Till recently, some of the theological debates among Kerala’s Muslim community were centred on whether women were eligible to enter mosques and offer prayers. But with an increasing number of mosques permitting women to enter their premises, the debate has now shifted to the participation of women in mosque administration, which is considered to be a male bastion.
A few mosques in Kozhikode and Malappuram districts of the coastal state have taken the lead by electing women representatives in their decision-making bodies, prompting many others to follow suit.
The change started from Sivapuram village in Kozhikode, when three women members were inducted into the mosque’s mahal committee in 2011.
The word mahal refers to the geographical area under the jurisdiction of a prominent mosque. The mahal committee deals with issues affecting the local Muslim community. It governs the functioning of the mosques under its jurisdiction, keeps a registry of the marriages solemnised in those mosques, ensures the dignified burial of the dead, finds amicable solutions to disputes and offers interest-free financial assistance to the needy, among many other things. The geographical area, population and number of mosques in a mahal vary from place to place.
In 2012, Shanthapuram in Malappuram district became the second mahal to elect women to its committee. Chennamangaloor in Kozhikode district was the latest to join the list when it elected three women to its committee in May. But with 16 women members, Shanthapuram has the maximum number of women representation among the three mahals in Kerala that have elected women to their committees.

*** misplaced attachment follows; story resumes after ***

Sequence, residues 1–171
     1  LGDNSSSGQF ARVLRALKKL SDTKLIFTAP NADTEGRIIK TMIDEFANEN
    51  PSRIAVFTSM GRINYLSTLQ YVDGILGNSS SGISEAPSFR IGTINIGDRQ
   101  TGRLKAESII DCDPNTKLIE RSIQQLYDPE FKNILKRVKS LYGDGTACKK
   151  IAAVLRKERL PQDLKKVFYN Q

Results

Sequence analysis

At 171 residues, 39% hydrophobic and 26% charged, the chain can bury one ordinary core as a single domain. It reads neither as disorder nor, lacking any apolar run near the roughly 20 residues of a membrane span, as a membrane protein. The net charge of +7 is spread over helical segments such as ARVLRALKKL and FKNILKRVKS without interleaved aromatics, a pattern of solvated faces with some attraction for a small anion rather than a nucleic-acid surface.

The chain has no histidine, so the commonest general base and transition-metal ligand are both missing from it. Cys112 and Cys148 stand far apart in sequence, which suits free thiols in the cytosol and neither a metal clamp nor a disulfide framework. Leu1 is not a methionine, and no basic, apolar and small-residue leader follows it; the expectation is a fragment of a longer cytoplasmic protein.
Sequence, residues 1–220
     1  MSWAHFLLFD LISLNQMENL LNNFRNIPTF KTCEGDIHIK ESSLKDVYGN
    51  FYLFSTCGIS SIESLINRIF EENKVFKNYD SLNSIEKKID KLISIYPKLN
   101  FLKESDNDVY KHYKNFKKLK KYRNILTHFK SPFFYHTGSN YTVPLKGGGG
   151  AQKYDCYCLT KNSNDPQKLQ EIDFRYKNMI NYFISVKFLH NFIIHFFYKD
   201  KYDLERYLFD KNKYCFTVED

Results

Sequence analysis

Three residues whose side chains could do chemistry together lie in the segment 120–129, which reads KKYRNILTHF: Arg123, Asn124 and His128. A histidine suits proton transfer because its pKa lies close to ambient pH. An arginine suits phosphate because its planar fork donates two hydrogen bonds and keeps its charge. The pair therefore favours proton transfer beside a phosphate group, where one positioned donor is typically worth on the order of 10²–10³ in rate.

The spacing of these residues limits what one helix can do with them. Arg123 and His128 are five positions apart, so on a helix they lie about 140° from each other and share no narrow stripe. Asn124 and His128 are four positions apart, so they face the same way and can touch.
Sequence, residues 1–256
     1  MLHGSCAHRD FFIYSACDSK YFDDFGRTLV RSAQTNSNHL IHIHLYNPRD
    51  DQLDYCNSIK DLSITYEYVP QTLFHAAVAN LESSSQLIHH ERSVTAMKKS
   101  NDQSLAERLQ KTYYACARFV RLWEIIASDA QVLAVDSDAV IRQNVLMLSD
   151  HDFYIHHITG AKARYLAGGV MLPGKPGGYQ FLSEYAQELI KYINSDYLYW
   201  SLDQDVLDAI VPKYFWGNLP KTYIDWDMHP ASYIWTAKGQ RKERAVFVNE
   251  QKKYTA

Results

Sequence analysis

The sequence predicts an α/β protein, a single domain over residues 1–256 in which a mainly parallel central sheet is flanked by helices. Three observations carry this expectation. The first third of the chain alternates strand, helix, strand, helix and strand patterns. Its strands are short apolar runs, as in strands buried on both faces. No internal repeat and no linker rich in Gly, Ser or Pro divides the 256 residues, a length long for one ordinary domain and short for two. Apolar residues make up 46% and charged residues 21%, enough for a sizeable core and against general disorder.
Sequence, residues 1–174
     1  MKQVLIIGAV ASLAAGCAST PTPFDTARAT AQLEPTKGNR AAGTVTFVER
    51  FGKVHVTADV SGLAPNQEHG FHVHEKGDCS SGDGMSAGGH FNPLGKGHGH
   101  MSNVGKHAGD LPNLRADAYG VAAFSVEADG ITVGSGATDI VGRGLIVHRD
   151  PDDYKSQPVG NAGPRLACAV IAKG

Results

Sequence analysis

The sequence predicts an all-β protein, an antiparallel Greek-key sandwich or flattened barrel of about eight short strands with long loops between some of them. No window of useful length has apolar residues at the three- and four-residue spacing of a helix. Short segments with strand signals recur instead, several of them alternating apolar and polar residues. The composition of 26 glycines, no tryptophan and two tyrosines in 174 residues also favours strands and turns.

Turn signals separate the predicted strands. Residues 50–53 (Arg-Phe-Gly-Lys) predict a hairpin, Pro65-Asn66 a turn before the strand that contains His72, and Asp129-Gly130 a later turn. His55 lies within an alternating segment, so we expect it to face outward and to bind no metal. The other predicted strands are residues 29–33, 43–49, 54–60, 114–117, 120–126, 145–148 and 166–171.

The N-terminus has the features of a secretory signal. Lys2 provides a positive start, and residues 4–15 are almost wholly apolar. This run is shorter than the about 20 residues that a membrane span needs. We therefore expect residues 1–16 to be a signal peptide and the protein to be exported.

Located around 30 km southwest of Malappuram, Shanthapuram mahal is spread over 5 km in Keezhattoor and Vettathoor gram panchayats. Its headquarters are at Shanthapuram Juma Masjid. Of the 1,200 families in the area that falls under the mahal’s jurisdiction, 950 are Muslim and the rest belong to the Hindu community. According to the latest enumeration by the mahal committee, the mahal has 5,400 Muslims above 18 years in its jurisdiction.
East Pallikkuthu Juma Masjid, Chungam Juma Masjid, Mullyakurissi Juma Masjid are the other three prominent mosques in this mahal. It is also home to Al Jamia Al Islamiya, a well-known Islamic education institution run by the Jamaat-e-Islami Hind, an Islamic organisation that enjoys considerable clout in Kerala.
“The Prophet exhorted women’s participation in mosque-related activities. We are just following the teachings of the Prophet,” said mahal committee member P Fathima, who works as an Arabic teacher at the Government Vocational Higher Secondary School in nearby Palakkad district. “It is time to move past the debate on the entry of women in mosques. In fact, it was a non-issue for us as we have been offering prayers at the mosque for many years.”
The election to pick mahal representatives in Shanthapuram is a long long-drawn-out process that is held once in two years. It begins with the imam of the Shanthapuram mosque announcing the polling date three weeks in advance.
“It has many differences from the traditional elections,” said mahal committee member Ishaq Ali, who is headmaster of the Panakkad Thangal Memorial Upper Primary School.
For instance, no one has to enter the fray or enter their nominations. All members of the community who live in the jurisdiction of the mosques in the Shanthapuram mahal are eligible to vote and become members.
The preliminary election is held in all the four mosques in the mahal on a specified day after Friday prayers.
“On election day, a sheet of paper with 20 rows is handed over to male and female devotees who attended Friday prayers,” said Ali. “They have to write the names of 20 people, both men and women, whom they think will work hard for the development of the mosques. A total of 66 councillors, including 16 women, will be elected from this poll.”